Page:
As the efforts to boost the intra-African trade take shape, there are ongoing measures to lay a foundation upon which the trade can flourish.
African countries with support from international financiers continue to invest in building trade corridors and infrastructure, including interconnected power grids, roads, railways, and modern ports and airports.
In East Africa, China is financing the construction of the Standard Gauge Railway (SGR) which will link the region’s hinterland to the Kenyan port of Mombasa. The line from Mombasa to the Kenyan capital Nairobi is already operational. When fully operational, the SGR is expected to significantly cut the cost of transportation to and from Mombasa.
While there are enormous opportunities out of a continent-wide free trade zone, Africa faces a daunting challenge to implement the AfCFTA. The governments’ political will must be backed by efforts to materialize what nations have agreed on, analysts said.
Negotiations on tariff regimes are likely to be protracted due to the protectionism tendencies in some countries.
Gerishon Ikiara, an economics lecturer at the University of Nairobi, Kenya, argued that as negotiations enter their final stages, there is a need to ensure that all concerns or reservations of member economies are given adequate attention.
“For the AfCFTA to have full positive impact, the member states must recognize that the economies in the union have differing comparative and absolute advantages,” said Ikiara, adding that it is imperative to create an environment where different economies can maximize their potential.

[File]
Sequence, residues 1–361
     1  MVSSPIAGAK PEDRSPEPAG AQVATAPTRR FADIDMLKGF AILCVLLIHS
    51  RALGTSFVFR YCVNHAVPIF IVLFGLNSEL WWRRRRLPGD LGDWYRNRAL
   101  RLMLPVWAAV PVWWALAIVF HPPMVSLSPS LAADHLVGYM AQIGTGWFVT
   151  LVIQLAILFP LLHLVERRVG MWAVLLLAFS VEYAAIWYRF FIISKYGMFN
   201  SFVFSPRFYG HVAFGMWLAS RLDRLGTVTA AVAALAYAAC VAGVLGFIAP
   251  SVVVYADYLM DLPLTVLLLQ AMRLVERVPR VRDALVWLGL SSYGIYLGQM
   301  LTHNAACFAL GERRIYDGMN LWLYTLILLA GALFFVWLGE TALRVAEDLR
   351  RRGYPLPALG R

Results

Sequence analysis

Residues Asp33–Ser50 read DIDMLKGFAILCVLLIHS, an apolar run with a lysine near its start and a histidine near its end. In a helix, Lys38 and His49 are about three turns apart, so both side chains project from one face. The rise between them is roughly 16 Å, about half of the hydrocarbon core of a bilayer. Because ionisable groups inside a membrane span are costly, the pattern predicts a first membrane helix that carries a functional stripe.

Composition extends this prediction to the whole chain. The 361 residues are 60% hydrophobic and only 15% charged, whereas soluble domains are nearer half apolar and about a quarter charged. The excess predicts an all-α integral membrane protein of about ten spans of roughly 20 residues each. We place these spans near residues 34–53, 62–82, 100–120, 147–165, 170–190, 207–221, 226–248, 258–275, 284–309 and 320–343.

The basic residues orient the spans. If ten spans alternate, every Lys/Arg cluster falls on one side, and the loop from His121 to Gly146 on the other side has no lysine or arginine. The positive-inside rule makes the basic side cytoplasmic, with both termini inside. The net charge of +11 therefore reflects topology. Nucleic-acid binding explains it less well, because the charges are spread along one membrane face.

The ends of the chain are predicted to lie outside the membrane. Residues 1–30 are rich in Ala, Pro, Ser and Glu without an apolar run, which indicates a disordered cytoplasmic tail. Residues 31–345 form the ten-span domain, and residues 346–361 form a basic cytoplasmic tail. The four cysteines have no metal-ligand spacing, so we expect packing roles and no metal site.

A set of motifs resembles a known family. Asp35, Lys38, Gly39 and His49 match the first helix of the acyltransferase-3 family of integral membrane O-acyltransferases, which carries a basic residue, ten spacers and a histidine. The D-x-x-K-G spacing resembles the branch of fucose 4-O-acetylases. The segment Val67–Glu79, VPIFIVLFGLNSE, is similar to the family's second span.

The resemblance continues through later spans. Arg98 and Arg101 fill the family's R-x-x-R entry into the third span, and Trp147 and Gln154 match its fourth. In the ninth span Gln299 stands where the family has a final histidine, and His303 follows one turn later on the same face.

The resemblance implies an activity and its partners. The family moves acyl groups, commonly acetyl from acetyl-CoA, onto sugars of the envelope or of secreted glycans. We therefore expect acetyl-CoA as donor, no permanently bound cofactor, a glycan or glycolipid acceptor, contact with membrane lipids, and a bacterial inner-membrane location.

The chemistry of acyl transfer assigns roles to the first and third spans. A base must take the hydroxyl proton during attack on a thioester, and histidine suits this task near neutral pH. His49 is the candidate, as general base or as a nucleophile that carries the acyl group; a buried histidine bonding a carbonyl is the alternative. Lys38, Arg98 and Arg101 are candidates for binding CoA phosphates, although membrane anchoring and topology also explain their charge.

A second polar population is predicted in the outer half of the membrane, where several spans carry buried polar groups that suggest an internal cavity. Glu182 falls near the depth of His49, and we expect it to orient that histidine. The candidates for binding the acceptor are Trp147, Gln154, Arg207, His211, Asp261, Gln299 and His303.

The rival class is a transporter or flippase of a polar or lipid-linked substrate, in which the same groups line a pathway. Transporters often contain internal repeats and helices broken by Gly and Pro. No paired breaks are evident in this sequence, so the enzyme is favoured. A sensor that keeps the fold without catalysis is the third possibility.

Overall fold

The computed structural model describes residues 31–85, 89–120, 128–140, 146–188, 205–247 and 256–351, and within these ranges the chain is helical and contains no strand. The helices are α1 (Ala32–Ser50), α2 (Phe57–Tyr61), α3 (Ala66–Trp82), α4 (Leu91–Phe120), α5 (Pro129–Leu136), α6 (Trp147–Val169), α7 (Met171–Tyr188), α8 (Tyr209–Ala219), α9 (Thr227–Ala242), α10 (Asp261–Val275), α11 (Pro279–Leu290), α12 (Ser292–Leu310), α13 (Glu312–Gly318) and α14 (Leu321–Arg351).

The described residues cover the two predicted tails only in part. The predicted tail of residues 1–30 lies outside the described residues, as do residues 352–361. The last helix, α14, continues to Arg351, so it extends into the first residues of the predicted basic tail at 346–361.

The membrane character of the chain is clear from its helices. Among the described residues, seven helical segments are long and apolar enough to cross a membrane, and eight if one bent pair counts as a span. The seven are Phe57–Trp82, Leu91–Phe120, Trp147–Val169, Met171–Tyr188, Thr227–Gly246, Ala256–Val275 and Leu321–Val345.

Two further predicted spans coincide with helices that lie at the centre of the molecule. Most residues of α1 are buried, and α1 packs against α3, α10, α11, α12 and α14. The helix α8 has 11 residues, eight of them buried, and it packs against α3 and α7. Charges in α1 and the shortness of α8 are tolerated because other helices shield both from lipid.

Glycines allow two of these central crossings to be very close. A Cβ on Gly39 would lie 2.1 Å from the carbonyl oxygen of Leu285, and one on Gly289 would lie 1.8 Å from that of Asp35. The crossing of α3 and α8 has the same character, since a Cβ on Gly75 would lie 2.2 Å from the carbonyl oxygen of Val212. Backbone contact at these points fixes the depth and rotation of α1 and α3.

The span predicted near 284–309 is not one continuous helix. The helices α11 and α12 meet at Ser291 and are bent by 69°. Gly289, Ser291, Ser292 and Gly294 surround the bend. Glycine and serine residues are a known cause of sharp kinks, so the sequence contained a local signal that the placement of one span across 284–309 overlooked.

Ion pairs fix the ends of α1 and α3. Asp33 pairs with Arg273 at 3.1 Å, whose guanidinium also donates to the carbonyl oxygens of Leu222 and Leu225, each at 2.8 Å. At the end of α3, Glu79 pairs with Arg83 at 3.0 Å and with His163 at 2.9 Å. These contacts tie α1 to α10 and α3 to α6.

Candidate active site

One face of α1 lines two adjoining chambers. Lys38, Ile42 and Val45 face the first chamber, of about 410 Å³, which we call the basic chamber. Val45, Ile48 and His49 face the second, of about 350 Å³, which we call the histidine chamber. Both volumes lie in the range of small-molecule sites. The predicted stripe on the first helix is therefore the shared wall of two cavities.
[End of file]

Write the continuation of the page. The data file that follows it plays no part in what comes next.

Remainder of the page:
African ministers of trade are scheduled to meet in the Ugandan capital Kampala in early June to negotiate on supporting instruments of the AfCFTA, including rules of origin, schedules of tariff concessions on trade in goods, online non-tariff barriers monitoring and elimination mechanism.
The ministers will forward their outcomes to the African leaders for approval when they meet in July at the AU meeting.
A favorable external environment characterized by high commodity prices, the emergence of China as an important trade and investment partner, and a massive inflow of foreign capital has helped boost growth in the region in the past two decades, according to a working paper on trade integration in Sub-Saharan Africa released by the World Bank in May.
Observers argue that the AfCFTA is likely to strengthen the trade and political ties between Africa and the world. Africa-China cooperation is also expected to be deepened.
There already exist cooperation forums between China and Africa, including the Forum on China-Africa Cooperation (FOCAC), which convenes periodically to deepen ties.
At the 2018 Beijing Summit of the FOCAC, China said it will implement eight major initiatives with African countries, which include industrial promotion, infrastructure connectivity, trade facilitation and green development.
Many Chinese financed projects, according to Ikiara, are implemented through FOCAC.
Ikiara said that the China-proposed Belt and Road Initiative would also be important for the future development of Africa.
“This will have a positive impact … in terms of integrating African economies among themselves and with the rest of the world,” Ikiara said.